Wednesday, May 6, 2015
The Milkman has won a gold medal in the Independent Publisher Book Awards competition: Best science fiction novel in North America, from an independent publisher. I am pretty happy about it. It is the only way I’m ever going to take home a gold medal as my Olympic career was cut short by lack of athletic ability and it doesn’t look like “Reading the New Yorker” or “Shouting to a barista” are even demonstration sports in Rio next year.
My wife Sarah and I will be attending the ceremony in New York May 27. I will post pictures of me wearing the medal and tearing up at the national anthem. My publisher, EDGE, is Canadian, so I hope they play both. Especially the good one.
Posted by Michael J. Martineck at 11:22 AM
Friday, May 1, 2015
Sometimes you meet someone, you’re intrigued, you spend time together, you learn, you laugh and after a while you realize you’re smitten. Ian Sales new novel, All That Outer SpaceAllows, is the book version. It follows an American astronaut’s wife from the mid-sixties to mid-seventies. She is devoted to him and his career, and writes science fiction on the side. The two halves of her life should have a lot in common. They don’t. The resulting inner conflict is pure, real and underrepresented in literature. It’s also they kind of theme that makes literary science fiction an invaluable genre.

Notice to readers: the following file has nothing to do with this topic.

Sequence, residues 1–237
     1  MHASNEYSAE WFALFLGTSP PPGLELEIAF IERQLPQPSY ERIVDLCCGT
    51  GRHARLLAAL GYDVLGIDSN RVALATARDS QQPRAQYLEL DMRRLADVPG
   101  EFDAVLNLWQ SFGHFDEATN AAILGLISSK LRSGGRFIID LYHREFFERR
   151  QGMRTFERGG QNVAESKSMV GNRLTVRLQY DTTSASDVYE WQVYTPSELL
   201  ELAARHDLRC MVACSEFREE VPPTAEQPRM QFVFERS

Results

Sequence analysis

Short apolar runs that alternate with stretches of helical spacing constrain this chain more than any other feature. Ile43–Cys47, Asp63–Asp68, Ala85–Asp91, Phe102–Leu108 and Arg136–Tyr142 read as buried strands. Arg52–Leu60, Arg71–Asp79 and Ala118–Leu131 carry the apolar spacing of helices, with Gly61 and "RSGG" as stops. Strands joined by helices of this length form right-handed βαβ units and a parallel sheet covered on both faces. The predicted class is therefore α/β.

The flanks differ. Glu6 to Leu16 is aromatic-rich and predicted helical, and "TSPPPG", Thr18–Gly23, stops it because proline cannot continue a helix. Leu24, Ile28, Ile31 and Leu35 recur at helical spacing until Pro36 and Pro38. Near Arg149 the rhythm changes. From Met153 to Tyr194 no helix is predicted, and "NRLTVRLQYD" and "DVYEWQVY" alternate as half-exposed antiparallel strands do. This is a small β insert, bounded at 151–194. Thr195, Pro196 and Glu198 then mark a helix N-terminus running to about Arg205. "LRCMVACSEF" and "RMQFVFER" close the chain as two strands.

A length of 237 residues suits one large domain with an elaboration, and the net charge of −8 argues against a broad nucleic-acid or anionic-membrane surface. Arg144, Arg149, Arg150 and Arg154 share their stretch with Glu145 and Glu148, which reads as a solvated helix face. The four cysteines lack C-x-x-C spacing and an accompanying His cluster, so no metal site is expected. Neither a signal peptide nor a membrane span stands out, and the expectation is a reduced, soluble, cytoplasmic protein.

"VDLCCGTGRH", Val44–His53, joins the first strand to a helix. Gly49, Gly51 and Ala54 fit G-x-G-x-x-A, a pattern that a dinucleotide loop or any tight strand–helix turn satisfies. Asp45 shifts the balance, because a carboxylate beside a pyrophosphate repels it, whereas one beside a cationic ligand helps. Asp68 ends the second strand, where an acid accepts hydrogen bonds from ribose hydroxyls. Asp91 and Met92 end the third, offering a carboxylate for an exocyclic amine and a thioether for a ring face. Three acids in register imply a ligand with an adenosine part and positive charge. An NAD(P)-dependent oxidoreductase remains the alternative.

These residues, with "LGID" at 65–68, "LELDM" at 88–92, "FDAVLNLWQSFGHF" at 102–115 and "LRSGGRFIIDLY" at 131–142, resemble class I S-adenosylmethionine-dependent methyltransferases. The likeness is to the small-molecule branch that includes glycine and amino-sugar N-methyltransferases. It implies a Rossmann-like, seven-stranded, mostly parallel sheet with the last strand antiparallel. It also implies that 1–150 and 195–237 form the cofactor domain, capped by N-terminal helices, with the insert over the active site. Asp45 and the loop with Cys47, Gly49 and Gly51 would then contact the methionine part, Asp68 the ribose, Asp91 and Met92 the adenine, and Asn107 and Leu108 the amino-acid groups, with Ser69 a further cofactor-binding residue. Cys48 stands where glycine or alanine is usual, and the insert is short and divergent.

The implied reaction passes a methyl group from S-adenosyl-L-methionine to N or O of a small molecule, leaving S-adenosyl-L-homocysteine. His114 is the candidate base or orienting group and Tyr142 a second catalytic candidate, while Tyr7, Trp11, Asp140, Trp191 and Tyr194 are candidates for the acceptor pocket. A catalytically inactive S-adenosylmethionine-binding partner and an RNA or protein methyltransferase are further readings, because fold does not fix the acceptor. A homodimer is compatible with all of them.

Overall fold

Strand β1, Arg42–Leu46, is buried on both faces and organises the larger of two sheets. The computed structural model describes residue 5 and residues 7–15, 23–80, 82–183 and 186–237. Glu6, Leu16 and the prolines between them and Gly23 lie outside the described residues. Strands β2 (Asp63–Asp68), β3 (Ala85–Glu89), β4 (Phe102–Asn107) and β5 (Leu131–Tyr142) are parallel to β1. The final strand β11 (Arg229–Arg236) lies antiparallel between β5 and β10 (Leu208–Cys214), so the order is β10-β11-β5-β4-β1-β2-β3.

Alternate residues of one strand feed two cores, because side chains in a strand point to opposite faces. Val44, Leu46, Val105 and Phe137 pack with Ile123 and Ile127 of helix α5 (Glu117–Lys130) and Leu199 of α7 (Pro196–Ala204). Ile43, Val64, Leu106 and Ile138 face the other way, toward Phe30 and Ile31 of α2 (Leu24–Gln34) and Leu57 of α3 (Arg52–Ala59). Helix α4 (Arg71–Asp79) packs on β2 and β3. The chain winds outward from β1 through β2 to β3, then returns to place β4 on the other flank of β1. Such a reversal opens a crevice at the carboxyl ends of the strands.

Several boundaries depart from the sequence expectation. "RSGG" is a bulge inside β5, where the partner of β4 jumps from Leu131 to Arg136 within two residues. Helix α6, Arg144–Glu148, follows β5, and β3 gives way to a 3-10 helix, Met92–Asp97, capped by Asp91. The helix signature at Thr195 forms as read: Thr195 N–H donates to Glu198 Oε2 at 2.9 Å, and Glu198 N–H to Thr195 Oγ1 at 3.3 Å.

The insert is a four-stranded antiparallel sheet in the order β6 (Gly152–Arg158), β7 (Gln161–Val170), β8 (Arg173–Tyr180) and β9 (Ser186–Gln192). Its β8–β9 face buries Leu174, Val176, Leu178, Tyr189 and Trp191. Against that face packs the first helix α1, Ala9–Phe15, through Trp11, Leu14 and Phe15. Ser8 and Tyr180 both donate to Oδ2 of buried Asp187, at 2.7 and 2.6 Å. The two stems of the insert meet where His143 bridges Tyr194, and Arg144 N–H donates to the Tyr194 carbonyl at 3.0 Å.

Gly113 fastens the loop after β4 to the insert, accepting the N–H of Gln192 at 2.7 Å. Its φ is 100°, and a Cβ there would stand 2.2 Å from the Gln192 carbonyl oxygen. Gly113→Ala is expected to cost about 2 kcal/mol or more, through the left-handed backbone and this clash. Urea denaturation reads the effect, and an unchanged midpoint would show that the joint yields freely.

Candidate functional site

The novel is fully formed and overwhelmingly believable. It will make you doubt your actual knowledge of recent history. Ian employs a canny tool to assuage your doubts. He occasionally intrudes into the story, which at first I found a little disconcerting. Only at first. Once you are moved outside the story, you appreciate the full reflection. The device give the thorough research move depth and meaning.
“Allows” is book four of the Apollo Quartet. The first, Adrift on the Sea of Rains, took home the 2012 British Science Fiction Association Award for his hard sf novella. Each book experiments with our early years in space, testing and prodding and wondering what they may have been like if this or that were different. And in wondering they produce a sense of wonder.
While I enjoyed each book in the quartet, I found “Allows” quite moving. I plan to go back to book one and start again. I expect this time, the journey will be different – which I have come to believe is the point of the whole quartet.
Posted by Michael J. Martineck at 12:46 PM